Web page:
OCD in dogs can come in many shapes and forms, and it is important to take them in context as well as assessing the behaviour itself. For a dog’s behaviour to be considered OCD, it needs to be obsessive (so that the dog defaults to doing it frequently or in specific situations) and compulsive, to the point that the dog may not even be aware they’re doing it, unable to stop, and hard to divert.
If you’re looking for canine OCD examples, it is important to bear this in mind, as well as trying to find out what sort of canine behaviours might indicate OCD.
With that caveat in mind, this article will provide some dog OCD examples in terms of the most common behaviours or activities that dogs may become compulsive about. Read on to learn more.
Pacing is one of the most common and evident manifestations of a potential OCD behaviour in dogs; and one that dogs will commonly do if frustrated or left alone for too long. You might see your dog pacing when you’re making their dinner or getting ready to take them for a walk and they’re being impatient, and in these specific situations the behaviour isn’t usually OCD as it is purely situational.
However, if you recognise that behaviour from such situations and your dog does it at other times repetitively and with no trigger, that might be canine OCD.
Dogs will often turn around in circles many times when they’re about to lie down, to get comfortable and rearrange their bed or blanket, if they happen to be on one. But outside of such a context, if your dog frequently, obsessively and repetitively turns around and around in circles – perhaps stopping and reversing direction every now and then – this could be OCD.
Spinning, or essentially turning circles but rather faster, is another potential sign of OCD in the dog.
Often an escalation of spinning or sometimes developing in its own right, some dogs will chase their tails on occasion, but if your dog defaults to doing this regularly or in certain situations, it could be OCD.
Some dogs have natural guard dog or watchdog tendencies, and will take their responsibilities in this regard very seriously. While dogs can of course be trained to guard, some dogs have natural instincts to do this, and will patrol, guard and police as it were, the area they see as their territory. This is not always an OCD behaviour; and a level of concentration and commitment to guarding is integral to what makes good guard dogs good, as if they lost concentration or gave up and got bored, they’d be fairly useless at their jobs.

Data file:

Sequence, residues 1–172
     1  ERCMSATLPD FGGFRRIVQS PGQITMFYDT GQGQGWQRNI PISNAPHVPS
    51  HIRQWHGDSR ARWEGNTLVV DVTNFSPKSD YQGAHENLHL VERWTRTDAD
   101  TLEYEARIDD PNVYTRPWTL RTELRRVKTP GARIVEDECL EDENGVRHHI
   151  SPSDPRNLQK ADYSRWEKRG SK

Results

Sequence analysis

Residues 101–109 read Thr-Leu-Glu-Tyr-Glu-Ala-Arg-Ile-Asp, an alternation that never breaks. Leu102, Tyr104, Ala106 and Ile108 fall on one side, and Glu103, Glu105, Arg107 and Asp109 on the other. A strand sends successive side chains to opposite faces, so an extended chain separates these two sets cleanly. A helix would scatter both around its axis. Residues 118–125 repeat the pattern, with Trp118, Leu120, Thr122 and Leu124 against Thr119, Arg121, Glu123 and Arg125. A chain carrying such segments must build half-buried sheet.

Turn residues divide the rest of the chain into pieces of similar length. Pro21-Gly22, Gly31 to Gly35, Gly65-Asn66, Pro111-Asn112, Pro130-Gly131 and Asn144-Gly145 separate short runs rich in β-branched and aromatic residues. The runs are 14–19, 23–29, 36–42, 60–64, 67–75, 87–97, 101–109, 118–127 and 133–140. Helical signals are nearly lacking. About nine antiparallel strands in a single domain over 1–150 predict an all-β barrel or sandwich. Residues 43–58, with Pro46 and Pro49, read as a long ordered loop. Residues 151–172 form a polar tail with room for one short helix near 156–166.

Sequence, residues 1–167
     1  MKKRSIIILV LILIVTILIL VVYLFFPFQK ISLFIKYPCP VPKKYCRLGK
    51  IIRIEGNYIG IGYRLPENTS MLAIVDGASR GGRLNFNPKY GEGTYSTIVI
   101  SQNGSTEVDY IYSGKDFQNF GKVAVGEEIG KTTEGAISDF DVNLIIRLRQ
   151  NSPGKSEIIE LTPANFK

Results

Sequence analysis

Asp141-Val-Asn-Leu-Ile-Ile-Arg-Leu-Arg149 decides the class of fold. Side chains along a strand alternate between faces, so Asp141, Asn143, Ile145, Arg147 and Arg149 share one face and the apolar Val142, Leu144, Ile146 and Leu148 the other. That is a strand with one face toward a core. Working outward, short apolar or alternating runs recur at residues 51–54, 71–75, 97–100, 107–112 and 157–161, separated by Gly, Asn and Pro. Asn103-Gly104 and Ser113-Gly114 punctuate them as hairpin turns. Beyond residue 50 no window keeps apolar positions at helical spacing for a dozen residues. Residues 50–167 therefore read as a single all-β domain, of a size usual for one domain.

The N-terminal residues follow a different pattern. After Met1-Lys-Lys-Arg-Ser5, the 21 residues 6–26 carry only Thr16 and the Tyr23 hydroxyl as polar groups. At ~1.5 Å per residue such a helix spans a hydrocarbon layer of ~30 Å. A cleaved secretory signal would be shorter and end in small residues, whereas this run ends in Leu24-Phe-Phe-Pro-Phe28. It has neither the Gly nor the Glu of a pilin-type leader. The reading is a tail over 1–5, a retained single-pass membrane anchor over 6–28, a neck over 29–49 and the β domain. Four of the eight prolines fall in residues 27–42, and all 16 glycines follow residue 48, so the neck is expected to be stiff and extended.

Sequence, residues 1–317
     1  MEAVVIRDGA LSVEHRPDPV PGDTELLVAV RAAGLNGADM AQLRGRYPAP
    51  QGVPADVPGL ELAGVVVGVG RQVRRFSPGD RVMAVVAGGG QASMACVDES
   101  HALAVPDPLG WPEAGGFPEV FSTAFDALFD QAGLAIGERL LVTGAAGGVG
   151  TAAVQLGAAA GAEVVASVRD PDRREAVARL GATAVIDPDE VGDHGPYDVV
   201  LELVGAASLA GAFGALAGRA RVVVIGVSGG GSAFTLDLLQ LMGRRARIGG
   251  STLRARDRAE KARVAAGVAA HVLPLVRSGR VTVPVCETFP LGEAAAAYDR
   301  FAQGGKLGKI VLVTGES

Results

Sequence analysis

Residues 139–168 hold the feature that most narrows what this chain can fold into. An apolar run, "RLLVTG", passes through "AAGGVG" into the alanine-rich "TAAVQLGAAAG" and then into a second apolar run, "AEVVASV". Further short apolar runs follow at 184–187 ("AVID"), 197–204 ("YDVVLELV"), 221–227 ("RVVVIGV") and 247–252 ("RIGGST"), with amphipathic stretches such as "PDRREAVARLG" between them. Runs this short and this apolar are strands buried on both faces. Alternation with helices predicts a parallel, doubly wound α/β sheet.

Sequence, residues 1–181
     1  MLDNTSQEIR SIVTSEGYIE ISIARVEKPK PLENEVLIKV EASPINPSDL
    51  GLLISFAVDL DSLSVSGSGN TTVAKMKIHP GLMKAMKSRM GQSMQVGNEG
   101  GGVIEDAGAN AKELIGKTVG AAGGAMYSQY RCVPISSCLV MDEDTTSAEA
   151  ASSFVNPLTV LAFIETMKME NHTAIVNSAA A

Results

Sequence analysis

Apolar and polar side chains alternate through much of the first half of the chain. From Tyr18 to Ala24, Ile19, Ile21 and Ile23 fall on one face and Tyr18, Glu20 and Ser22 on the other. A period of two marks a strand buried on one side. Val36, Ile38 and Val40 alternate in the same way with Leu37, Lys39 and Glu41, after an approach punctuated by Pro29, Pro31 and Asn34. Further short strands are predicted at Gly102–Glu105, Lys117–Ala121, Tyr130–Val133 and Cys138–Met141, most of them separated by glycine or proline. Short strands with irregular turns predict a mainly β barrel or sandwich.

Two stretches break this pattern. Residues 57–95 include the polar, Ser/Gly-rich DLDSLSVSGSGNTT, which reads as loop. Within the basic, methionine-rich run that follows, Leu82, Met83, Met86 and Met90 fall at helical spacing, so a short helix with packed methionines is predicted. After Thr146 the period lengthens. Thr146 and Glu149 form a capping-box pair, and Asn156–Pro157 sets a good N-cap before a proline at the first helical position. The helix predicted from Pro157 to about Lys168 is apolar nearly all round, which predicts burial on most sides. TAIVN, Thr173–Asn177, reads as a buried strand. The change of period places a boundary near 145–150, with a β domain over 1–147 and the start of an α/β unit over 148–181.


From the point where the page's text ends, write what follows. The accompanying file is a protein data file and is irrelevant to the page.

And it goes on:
However, dogs that patrol or guard obsessively; such as never leaving a certain window and always staring and fixating on what’s on the other side of it, even when there’s no specific stimulus entertaining them, might be displaying OCD.
Dogs can display OCD in the way they patrol too; rather than doing a circuit to check things out and then settling for a bit, or responding to stimulus and investigating, a dog might repetitively patrol the same area up and down in a pattern that might go on for hours, and quickly wear a carpet threadbare or reduce grass to earth.
There is a fine line between natural guarding tendencies and OCD patrolling, and breeds that are natural guard dogs can easily cross the line if they don’t get enough stimulation; the German shepherd and the Rottweiler being good examples.
Self-harming behaviours in dogs can have a physical cause, such as if your dog has an allergy that makes them itchy or if they’re in pain. But things like licking or chewing an area of skin, chewing paws, or deliberately biting or pulling out their own fur are all common forms of OCD behaviours in dogs.
It can be very hard to know if the behaviour begins due to a physical issue or not, and even if it does, this can become an obsessive behaviour over time, even when the physical cause is absent. It is important to talk to your vet to determine if there is an underlying root cause.
Some dogs are very hard on their toys and seem to take it as almost a point of pride to destroy anything they are given, and dogs do need to chew things and this in turn will destroy their toys over time too. However, in some cases, destroying toys or other things (like shoes or carpet) can indicate OCD behaviours, particularly if they develop over time or if your dog fixates on one thing or one type of thing.
Digging is a natural canine behaviour that many dogs exhibit, and which can be inconvenient due to both the damage it causes to your garden and the mess it can leave your dog in! Some dogs are keener to dig than others (many terrier breeds in particular) but if your dog digs every chance they get (and it is not because they’re trying to get to something they buried) cannot be diverted, or is obsessed with digging, this could be OCD.
Fly biting is snapping at the air or at a “fly” that is not there. This can also be indicative of a neurological disorder, and manifests in the same way if it is; so you will need to work with your vet to identify if fly biting has a health condition at its root or is a solely behavioural issue.
Barking continually or fixatedly without end if left alone or even if you’re there is likely to drive you and/or your neighbours to distraction, and if there’s no cause or target for the barking, can be OCD. Non-stop crying, whining, or howling with no root cause can also be OCD in the dog.
Humping behaviour on the part of a dog never fills their owner with delight, and is more often than not an OCD behaviour if repetitive. It can also be a show of dominance or of course, amorous thoughts though!